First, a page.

Forker paraphrases University President, Rev. John P. Fitzgibbons, S.J., saying, “The University doesn’t exist only to serve its students but to serve the society in which we live.”

Regis is known for accessible professors, student-led discussions, and small class size. Sixty percent of classes have fewer than 20 students and the average class size ratio is 14 students to every instructor. Besides small classes and access to professors, Gomez believes a small university offers other advantages, “… students from different sub-cultures know each other, and opportunities to build meaningful relationships are plentiful.”

Medical courses of study, including a celebrated nursing program, business courses, and non-profit management are some of the more popular majors on campus. Tuition and fees are $34,000, although 67 percent of undergraduate students receive some amount of financial assistance. U.S. News and World Report ranks the school 28th in the region for value.

The Latino Experience

Nearly 1700 of Regis’s 11,427 students (14.9 percent) self-identify as Latino according to Associate Vice President of Enrollment Services, Judi Diaz Bonacquisti. She highlights the work of Regis leadership to set the tone for the university including statements made by university president Fitzgibbons on immigration, “The separation of children from their parents at our southern U.S. border must end now. They do not represent a threat to our borders or our national sovereignty. This abuse of distressed children is simply immoral.” Fitzgibbon’s statement continues, “Regis University also calls for an immediate end to this policy and more humane treatment of our immigrant community.”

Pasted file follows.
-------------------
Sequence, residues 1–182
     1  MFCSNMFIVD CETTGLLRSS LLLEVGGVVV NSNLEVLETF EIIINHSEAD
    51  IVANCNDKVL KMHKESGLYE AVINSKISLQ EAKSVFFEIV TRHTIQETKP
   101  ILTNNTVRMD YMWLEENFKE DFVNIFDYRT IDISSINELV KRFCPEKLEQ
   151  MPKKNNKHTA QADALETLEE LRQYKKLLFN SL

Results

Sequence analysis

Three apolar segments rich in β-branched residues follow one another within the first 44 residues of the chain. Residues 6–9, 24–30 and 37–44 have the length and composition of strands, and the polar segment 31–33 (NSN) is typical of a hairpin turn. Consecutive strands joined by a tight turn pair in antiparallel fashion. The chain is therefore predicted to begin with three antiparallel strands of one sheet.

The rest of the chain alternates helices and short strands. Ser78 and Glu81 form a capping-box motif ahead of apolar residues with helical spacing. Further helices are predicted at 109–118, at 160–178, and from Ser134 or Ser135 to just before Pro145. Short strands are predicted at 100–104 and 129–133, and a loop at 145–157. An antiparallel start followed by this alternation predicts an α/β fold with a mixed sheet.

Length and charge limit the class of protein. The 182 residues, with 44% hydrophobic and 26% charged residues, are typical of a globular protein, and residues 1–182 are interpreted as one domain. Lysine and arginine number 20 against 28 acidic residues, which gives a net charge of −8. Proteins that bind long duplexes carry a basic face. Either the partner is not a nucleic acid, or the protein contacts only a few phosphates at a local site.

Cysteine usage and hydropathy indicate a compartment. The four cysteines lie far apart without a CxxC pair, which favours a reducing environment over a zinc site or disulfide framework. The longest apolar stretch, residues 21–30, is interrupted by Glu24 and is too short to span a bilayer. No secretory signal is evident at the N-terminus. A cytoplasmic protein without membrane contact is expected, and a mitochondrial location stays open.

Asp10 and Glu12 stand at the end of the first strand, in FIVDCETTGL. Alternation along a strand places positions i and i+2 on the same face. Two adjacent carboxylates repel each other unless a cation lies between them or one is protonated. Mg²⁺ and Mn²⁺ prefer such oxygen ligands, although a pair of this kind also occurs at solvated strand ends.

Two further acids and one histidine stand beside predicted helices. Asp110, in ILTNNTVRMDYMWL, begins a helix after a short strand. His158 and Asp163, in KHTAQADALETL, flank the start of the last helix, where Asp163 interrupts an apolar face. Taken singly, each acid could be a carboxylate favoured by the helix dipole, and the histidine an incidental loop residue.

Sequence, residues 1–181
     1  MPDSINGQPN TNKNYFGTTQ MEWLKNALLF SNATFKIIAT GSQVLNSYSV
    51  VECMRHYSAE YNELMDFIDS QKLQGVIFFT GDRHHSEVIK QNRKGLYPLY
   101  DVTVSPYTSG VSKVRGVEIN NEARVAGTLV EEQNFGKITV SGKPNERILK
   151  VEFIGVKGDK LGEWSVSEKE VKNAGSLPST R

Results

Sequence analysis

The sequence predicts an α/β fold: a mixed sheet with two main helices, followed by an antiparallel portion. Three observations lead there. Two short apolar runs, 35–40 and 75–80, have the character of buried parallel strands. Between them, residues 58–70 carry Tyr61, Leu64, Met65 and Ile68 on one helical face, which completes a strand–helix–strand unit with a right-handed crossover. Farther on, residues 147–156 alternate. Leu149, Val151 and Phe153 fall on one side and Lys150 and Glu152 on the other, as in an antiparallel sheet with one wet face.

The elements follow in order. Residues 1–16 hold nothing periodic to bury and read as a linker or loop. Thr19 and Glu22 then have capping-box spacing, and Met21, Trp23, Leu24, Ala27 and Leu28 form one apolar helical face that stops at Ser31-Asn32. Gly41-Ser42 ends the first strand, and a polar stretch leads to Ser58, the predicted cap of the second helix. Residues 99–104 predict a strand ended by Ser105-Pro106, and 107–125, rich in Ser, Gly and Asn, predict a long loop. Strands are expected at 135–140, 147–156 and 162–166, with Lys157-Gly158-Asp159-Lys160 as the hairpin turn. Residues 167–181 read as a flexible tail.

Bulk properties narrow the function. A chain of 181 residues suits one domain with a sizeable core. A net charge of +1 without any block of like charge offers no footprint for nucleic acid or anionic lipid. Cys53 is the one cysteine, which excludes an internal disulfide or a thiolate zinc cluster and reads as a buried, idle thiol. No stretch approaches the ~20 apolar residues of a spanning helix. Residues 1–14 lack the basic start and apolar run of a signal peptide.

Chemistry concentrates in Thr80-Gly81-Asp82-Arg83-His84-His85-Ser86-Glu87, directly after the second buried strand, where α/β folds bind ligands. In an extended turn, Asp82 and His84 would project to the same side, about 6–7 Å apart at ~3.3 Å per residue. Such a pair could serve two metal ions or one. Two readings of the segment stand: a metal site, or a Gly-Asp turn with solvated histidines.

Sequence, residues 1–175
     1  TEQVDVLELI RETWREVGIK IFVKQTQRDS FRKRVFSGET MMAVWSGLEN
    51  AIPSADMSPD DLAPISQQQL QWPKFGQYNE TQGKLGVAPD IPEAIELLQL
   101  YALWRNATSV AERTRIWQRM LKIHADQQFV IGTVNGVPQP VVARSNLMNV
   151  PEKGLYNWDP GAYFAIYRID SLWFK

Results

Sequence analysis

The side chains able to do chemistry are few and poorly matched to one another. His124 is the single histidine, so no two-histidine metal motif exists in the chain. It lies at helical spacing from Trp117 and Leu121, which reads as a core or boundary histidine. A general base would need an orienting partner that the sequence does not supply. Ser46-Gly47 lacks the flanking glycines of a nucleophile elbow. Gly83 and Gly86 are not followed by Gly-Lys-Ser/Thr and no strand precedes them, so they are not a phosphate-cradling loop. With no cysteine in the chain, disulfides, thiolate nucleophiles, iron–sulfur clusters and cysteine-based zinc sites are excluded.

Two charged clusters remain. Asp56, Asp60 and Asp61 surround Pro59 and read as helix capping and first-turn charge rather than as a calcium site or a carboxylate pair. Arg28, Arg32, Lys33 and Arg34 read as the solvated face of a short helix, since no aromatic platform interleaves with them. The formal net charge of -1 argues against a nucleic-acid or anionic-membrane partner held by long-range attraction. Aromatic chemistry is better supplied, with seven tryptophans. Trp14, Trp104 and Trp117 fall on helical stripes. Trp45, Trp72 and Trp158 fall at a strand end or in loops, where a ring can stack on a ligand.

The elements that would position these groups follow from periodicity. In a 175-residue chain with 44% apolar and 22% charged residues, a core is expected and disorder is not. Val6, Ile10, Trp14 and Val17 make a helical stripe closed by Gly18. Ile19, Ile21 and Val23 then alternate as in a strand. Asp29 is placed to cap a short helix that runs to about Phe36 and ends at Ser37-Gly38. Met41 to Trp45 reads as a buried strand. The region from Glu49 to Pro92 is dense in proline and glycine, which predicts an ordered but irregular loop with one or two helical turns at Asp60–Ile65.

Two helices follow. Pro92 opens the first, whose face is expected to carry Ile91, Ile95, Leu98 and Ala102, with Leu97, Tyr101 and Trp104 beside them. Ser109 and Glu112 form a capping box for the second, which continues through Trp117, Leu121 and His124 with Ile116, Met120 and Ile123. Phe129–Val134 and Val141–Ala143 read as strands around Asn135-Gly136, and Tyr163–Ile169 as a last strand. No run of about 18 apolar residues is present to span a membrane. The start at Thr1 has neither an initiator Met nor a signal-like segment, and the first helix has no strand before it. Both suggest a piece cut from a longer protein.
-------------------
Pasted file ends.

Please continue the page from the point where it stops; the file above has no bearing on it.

Even though the small school environment encourages high contact for students and staff, the environment for Latinos can be challenging according to Regis student, Estefan Escoto. He points to “culture shock” some Latino students experience, “… mingling with students from more privileged backgrounds.” Escoto is thankful for the Latino affinity group SOMOS that offers Latino students a common space. The university also has affinity groups for African American, Asian and LGBT students. Escoto is appreciative that staff, “… is well trained in facilitating discussions about race or gender,” and “… does not tolerate any ignorant racist, sexist, ageist remarks made in classrooms.” Even though Latino themed events like Cinco de Mayo have been successful and campus meetings have been held to address issues like DACA (Deferred Action for Childhood Arrivals), Escoto laments the low number of professors and staff from Latino backgrounds. Escoto notes that the university has gone out of its way to protect DACA students including statements made by, “… Father Fitzgibbons and many other staff members.”